I write mostly slice-of-life and sci-fi stories. I like to add a bit of the surreal to whatever I am writing, it helps me not take my writing too seriously and I think I can get at some deeper stuff by keeping things off kilter. I think my uniqueness will come from my love of science and math. I write about mathematicians, scientists, people who are fascinated with how the world works. This fascination (my fascination) is reflected in their perceptions, occupations and relationships.
Writers who inspire me include Haruki Murakami, Margaret Atwood, Gabriel Garcia Marquez and Arundhati Roy. Reading their stories is like drinking water, effortless and refreshing. Cartoonists that embrace that beautiful, flowing surreal feeling (for me) are Nate Powell, David Mazzucchelli and Glyn Dillon.
3) Why do I write what I do?
I tell myself stories all the time, I’ve done it since I was a kid with bad insomnia. When a story keeps going and takes on a life of its own then I write it down haphazardly. It doesn’t usually make it past this stage. The ones that I do continue with tend to contain questions that compel and obsess me. Like, recently: What destroys a family? How do you stop treating people like objects? How do you survive a mental breakdown? Where do you start and other’s perceptions of you stop? What does a moral government look like? How do you fight while powerless?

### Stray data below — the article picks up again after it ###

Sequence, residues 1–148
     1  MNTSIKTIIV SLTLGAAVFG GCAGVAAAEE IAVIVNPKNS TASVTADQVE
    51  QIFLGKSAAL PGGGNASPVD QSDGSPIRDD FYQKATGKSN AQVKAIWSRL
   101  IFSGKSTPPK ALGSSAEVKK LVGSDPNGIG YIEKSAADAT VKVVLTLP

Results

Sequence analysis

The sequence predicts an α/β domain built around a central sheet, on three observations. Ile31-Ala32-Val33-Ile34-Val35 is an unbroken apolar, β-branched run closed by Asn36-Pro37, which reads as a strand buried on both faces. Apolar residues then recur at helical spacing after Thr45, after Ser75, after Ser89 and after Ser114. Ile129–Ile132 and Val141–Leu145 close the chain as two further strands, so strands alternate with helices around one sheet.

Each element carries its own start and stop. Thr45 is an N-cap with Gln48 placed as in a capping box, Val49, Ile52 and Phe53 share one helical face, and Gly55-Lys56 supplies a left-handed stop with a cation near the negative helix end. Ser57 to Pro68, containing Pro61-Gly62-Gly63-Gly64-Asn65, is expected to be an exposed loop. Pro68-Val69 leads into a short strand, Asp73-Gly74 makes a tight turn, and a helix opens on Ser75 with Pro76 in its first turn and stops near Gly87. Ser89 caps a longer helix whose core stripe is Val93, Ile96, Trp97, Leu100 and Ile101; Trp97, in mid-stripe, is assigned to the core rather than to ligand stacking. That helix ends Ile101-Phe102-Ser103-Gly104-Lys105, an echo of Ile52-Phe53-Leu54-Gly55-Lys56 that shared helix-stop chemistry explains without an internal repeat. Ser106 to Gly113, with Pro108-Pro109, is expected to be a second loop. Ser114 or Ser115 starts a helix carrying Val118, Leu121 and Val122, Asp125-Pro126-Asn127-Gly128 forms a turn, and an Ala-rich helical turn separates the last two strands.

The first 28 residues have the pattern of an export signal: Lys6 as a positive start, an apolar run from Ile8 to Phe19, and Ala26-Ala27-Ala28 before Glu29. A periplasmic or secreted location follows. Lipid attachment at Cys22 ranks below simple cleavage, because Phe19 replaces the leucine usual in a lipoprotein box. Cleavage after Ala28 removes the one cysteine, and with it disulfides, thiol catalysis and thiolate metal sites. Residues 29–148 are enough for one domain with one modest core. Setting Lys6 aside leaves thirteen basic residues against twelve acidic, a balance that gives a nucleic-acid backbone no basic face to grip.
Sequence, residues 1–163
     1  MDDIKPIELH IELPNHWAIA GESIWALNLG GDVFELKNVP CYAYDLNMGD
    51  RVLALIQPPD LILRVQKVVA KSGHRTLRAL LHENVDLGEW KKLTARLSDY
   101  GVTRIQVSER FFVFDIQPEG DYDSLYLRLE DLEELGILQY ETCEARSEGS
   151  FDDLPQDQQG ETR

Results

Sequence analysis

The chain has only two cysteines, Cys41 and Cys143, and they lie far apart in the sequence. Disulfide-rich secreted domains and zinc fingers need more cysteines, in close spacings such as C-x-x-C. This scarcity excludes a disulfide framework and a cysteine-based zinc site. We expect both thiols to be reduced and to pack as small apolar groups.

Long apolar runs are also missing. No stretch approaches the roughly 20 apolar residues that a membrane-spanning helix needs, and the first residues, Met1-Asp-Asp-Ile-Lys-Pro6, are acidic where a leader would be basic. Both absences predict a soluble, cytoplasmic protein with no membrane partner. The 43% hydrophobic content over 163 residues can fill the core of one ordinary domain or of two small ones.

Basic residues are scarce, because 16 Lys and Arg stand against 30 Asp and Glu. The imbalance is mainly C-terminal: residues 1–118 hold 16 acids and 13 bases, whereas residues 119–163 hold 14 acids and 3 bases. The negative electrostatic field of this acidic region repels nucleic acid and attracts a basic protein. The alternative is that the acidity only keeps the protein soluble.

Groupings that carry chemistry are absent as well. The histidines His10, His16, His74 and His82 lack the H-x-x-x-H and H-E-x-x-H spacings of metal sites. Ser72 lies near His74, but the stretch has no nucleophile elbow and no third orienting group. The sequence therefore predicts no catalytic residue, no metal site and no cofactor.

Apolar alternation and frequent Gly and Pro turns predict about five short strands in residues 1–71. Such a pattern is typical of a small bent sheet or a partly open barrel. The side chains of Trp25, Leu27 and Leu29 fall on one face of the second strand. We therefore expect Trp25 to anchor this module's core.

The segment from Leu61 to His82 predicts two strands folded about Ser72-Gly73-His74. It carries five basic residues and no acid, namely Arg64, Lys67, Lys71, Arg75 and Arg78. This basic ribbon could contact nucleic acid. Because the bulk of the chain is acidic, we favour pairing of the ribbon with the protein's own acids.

Only sometimes my own life becomes a kernel for a story, but I would not be interested in doing something completely autobiographical. I fictionalize it crap out of it, tweaking, turning, deleting and adding until it fits.
4) How does your writing process work?
When I first get hooked on an idea I grab a my sketchbook and write/draw anything that pops into my head. I make lists of events and character traits, or an amazing line of dialog (it usually turns out not to be so amazing later.) Doodle-writing, even if the story is going to be prose, really helps me get the feeling of the story. Then I mull it over, keep making notes, trying to figure out why I want to write this.